Instead of using the skirt, we recently considered extending the walls about 18″ and including straps to keep the bottom of the wall lying on the ground under all circumstances but Nancy decided it wouldn’t keep the walls as clean as our current method does.
Occasionally awnings are not allowed, but we usually put up a front awning. It doesn’t go up while setting up the tent, and it is the first thing to come down after closing on Sunday afternoon so that it is out of the way of other artist vehicles coming in to drop off or pick up their supplies. We also take it down Saturday night so that we don’t have to lose sleep over the weather or other artists driving to their tent. The awning zips to the same zipper the front wall would use, but there is another zipper on the bottom edge of the awning for attaching the wall.
Our procedure Saturday and Sunday mornings would be to unzip and roll up the front wall, unzip it from the roof and set it aside, attach the awning poles, zip on the awning to the roof, and attach it with the bungees to the awning poles. Then we would zip the front wall back up to the awning and leave in the rolled position (on immediate standby in case of sudden severe squall). Finally, we would reconnect or adjust the Velcro at the top edges of the front walls and the corners of the canopy. Saturday and Sunday evening we would reverse this procedure.
In Case Of Rain
During light rain, we would stay open and continue working with customers. I would move the LD or Awning Support Joint on one side, which is normally at the top of the leg as described in Step 3 of the “Trimline Awning Assembly Instructions”, up as high as I can get away with and lower the joint on the other leg a couple of inches or as much as it takes to stop the water from forming a puddle in the middle of the awning that would ultimately spill over onto unsuspecting customers. If the rain became too severe, we would drop the front wall and hang out with whatever crowd needed a dry place in the middle of a storm.
In Closing . . .
That’s about everything we’ve learned so far. I hope it helps. If you have a better solution, or a solution to a different tent problem that could save our readers some grief, please explain in the comment section below. Thanks!
The story of our first 200 blog articles is chronicled in an earlier postblog. Since then (August 2018) I’ve redeveloped and described our twelve blog categories in An Explanation Of Our Groups, and have made it easier to subscribe to any combination of blog categories a la carte (notice column to the right of this article). This last season, I even started putting out a clipboard at our booth for those who wanted to sign up. When you sign up, you will receive an email with a link to each new blog article in your chosen category as it is published.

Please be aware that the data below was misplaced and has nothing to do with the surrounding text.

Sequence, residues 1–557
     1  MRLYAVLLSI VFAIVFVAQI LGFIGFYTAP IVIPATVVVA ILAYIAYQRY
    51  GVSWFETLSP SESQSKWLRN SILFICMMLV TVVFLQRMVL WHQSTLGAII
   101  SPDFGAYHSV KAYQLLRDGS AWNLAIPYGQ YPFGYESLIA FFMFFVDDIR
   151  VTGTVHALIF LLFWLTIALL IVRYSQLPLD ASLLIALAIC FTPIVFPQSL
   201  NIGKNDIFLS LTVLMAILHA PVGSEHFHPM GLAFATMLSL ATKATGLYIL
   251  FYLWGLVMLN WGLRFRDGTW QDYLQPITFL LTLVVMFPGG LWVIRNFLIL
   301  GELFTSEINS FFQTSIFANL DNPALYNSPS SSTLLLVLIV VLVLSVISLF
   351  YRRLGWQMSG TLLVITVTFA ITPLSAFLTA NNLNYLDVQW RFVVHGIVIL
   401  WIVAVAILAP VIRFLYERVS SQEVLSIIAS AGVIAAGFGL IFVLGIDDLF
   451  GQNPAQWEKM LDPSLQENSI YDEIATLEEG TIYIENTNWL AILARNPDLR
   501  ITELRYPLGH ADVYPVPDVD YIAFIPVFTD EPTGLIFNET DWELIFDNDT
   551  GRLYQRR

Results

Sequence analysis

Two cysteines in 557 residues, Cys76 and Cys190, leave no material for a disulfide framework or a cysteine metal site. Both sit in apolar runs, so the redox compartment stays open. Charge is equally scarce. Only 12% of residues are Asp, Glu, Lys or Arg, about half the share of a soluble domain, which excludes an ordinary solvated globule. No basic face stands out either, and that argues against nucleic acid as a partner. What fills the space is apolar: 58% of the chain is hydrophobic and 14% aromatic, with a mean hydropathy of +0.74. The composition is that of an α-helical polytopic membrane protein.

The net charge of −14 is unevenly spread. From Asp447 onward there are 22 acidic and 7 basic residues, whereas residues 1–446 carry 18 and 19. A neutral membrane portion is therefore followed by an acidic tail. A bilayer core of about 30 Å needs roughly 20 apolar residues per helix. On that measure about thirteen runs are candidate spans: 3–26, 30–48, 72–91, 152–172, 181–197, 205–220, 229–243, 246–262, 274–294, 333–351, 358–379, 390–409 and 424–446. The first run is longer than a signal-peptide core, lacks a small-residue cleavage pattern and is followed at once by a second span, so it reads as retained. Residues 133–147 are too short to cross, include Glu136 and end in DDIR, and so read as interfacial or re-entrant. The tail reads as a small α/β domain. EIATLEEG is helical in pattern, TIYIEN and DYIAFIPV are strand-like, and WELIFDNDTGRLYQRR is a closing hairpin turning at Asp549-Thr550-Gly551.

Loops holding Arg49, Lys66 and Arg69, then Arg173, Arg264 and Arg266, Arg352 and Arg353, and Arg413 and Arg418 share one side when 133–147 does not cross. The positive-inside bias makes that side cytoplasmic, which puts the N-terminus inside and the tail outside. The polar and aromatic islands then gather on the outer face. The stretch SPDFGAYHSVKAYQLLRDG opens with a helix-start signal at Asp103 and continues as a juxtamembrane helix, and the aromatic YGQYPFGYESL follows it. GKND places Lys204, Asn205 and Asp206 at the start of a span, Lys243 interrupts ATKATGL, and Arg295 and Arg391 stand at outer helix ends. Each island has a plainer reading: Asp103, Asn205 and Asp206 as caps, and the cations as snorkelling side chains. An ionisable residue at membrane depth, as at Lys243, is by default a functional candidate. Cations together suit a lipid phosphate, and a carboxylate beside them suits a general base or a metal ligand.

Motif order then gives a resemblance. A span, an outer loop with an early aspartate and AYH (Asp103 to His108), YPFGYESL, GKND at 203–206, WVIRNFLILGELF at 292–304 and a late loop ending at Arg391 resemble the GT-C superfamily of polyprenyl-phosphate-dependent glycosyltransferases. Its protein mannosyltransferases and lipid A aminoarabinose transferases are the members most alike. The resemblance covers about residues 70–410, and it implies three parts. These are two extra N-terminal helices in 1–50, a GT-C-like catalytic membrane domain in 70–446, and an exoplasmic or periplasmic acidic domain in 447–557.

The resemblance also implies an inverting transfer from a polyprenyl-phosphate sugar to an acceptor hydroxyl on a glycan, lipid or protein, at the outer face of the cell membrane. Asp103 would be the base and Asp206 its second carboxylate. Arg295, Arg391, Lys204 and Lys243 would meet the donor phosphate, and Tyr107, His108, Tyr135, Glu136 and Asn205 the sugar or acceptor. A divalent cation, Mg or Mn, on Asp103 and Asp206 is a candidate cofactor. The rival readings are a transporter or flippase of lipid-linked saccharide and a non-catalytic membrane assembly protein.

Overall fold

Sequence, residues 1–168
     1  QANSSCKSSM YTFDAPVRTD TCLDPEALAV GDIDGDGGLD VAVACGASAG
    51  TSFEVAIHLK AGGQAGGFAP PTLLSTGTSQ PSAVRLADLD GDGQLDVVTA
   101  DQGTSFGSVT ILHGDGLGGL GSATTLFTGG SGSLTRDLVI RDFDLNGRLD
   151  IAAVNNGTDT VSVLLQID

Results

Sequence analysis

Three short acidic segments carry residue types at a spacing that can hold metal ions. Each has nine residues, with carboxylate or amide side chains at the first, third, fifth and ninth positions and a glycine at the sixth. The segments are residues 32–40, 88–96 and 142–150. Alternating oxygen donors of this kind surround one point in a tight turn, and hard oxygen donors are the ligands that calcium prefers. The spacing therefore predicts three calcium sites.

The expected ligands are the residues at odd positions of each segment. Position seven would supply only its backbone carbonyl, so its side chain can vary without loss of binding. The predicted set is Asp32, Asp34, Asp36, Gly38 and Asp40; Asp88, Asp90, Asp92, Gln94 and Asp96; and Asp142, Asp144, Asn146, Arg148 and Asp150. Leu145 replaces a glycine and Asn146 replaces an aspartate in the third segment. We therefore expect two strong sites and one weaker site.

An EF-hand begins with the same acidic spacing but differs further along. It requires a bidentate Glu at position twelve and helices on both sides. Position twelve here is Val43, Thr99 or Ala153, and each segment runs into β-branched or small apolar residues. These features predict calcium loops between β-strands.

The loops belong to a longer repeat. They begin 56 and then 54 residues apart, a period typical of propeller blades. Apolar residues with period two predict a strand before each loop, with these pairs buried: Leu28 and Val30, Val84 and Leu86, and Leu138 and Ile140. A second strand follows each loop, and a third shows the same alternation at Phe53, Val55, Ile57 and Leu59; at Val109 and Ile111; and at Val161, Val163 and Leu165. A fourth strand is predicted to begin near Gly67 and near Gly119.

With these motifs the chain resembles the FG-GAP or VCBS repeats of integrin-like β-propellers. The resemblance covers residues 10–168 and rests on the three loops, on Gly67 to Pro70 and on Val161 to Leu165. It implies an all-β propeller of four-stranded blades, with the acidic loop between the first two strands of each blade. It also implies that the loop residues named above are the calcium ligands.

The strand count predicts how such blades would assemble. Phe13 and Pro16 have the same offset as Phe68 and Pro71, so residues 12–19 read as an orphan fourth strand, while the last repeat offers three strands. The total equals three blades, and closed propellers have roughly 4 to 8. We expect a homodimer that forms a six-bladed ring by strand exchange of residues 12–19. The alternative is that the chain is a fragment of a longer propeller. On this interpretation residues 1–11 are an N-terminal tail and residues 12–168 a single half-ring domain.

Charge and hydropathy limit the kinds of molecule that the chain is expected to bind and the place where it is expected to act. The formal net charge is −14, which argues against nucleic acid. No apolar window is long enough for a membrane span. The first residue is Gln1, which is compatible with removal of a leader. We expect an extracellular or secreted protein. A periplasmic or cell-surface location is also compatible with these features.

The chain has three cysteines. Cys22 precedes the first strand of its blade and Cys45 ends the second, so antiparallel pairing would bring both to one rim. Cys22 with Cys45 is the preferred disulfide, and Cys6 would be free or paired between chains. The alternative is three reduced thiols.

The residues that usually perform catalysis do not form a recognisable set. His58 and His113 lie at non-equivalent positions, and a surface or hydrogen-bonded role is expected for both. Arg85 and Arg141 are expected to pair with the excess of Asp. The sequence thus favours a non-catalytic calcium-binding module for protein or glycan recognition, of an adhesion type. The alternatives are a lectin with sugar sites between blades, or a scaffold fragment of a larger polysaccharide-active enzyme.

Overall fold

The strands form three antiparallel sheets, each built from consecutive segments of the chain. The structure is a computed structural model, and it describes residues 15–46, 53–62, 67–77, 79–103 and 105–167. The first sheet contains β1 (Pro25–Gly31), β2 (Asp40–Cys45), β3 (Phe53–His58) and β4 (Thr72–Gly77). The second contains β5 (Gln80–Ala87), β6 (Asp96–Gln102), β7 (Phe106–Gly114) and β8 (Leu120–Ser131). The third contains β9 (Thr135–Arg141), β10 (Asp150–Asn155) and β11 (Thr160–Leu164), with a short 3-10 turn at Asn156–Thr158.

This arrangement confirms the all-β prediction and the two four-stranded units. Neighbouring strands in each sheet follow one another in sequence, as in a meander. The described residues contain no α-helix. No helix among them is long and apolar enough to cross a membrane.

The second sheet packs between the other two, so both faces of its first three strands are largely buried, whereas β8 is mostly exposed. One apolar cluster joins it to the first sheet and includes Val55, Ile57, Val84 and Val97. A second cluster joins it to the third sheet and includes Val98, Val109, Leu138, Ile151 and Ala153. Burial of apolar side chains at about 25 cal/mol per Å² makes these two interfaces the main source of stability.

The RSS Feeds
Now we have created five different RSS feeds, each targeting a different audience.
To see the Note click here.To hide the Note click here.
RSS stands for “Really Simple Syndication”, and is a way to have blog articles and podcasts delivered automatically to your browser. Most browsers have RSS readers. There are companies like Inoreader and Feedly that also have a free version of their reader with at least limited functionality (this is not an endorsement – what I’ve just explained is all I know about these two companies). For more information about RSS feeds, check out What Is an RSS Feed? (And Where to Get It) at lifewire.com.
The feeds are:
Bee Happy Graphics for Art Lovers, which includes mostly articles from categories Images, Nature & Wildlife, Promotions, Upcoming Events, and Recognition;
Bee Happy Graphics for Photographers with articles primarily from categories Photography, Post-processing, Business, Images, Nature & Wildlife, Travel, and Other topics;
Bee Happy Graphics for Printers & Framers, bringing the Business, Printing & Framing, and Other topics categories;